7th February 2017
Amicable Divorce App
Only 30 years ago, virtually no one owned a mobile phone and yet now a mobile app promises to help you to divorce and save thousands of pounds in legal fees. But will this app really change the way the world divorces, or is it too good to be true?
If all couples who separate were amicable and if any bitterness was really the result of the involvement of lawyers, then this app might well be the answer to divorcees’ prayers. However, the reality is that any bitterness in all likelihood existed from the moment one spouse decided the marriage was over and a good family lawyer should help a couple begin to see past any animosity in order to work to achieve the best possible solution for the family.
Divorces, like families, are rarely suitable for a “one size fits all” approach. It is hard to see, for example, how this app could help a couple who have separated because of domestic violence or abuse, as inevitably the stronger spouse will dominate the process, leaving the weaker spouse without the support of an expert lawyer who, among other things, often acts as a buffer in a difficult process.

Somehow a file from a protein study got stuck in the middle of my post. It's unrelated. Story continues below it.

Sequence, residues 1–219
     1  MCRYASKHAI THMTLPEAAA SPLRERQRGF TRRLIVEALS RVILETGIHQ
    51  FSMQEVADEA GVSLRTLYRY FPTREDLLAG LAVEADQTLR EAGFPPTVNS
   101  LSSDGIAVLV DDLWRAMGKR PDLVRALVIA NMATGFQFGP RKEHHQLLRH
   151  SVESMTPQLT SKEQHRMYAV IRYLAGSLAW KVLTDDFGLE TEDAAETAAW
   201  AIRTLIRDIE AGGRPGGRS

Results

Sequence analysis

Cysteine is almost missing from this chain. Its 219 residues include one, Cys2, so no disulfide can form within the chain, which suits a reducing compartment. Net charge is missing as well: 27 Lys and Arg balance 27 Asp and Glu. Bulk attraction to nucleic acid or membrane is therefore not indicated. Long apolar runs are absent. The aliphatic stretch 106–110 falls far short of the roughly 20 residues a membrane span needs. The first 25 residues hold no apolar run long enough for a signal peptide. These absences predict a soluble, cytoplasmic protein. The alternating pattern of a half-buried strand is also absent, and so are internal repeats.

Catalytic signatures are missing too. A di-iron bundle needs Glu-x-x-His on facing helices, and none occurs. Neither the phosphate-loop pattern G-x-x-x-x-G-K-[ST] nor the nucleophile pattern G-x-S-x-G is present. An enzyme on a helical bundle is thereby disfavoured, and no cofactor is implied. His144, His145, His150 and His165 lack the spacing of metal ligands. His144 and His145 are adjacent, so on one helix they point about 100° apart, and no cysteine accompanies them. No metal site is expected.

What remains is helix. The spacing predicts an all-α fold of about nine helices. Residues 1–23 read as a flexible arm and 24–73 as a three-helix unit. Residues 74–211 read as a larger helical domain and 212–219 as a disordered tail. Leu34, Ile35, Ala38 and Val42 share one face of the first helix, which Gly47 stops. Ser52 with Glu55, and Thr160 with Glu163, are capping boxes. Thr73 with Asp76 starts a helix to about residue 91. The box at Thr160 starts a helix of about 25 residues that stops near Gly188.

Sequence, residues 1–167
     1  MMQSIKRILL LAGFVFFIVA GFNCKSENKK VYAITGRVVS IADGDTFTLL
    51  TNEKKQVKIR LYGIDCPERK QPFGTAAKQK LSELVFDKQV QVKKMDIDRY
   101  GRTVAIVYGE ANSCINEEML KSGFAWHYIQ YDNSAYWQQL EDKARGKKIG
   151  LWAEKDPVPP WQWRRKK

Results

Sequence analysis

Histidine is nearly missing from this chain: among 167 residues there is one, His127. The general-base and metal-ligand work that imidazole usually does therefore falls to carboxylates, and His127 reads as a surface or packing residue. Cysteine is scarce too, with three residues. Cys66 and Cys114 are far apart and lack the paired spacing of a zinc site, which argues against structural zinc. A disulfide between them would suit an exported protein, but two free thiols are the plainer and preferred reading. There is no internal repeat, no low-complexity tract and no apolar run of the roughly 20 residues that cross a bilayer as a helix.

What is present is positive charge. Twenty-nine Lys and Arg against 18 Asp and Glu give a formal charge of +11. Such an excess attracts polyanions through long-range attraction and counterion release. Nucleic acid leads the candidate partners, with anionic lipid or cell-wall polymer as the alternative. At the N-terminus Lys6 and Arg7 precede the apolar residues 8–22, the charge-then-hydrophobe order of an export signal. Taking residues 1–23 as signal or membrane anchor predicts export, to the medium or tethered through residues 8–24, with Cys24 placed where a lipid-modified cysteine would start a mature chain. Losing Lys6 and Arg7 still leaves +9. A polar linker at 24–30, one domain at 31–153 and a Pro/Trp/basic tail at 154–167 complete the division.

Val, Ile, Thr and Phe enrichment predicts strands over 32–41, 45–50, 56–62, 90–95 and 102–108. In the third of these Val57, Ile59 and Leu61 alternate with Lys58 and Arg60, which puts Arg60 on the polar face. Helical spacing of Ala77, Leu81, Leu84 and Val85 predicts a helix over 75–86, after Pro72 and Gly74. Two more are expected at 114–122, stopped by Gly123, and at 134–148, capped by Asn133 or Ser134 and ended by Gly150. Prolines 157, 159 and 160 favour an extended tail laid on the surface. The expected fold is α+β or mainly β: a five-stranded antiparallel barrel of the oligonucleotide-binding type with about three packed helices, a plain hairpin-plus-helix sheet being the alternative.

On the face of it, this app could be useful as a forum for discussions between spouses or as a means of obtaining general family law advice. However, is this really ground breaking? I would suggest not, as amicable couples commonly use their phones to communicate via text and email in any event and the internet is now bursting with legal advice, both accurate and inaccurate.
It is claimed this app can save you money but what is commonly overlooked by those trying to keep divorce costs down, is that they may sell themselves short by relying on the type of generalised advice which an app can provide. For example, the internet may correctly state that the basic principle for dividing capital on divorce is 50/50 without explaining why, in many cases, such a division is not appropriate. It is important to remember that you only get one shot at securing your future and so what you may save in legal fees by using a mobile app may pale in comparison to the cost of lost capital or maintenance.
Although the technological world is advancing at a staggering rate and whilst I run the risk of sounding like a dinosaur, there are still some matters in life which benefit from the human touch. Therefore, my advice to those couples genuinely wishing to achieve an amicable divorce is to use their mobile phones to look up good family lawyers who offer mediation or collaborative law, both of which provide a supported way of separating in order to preserve goodwill whilst the couple make informed decisions.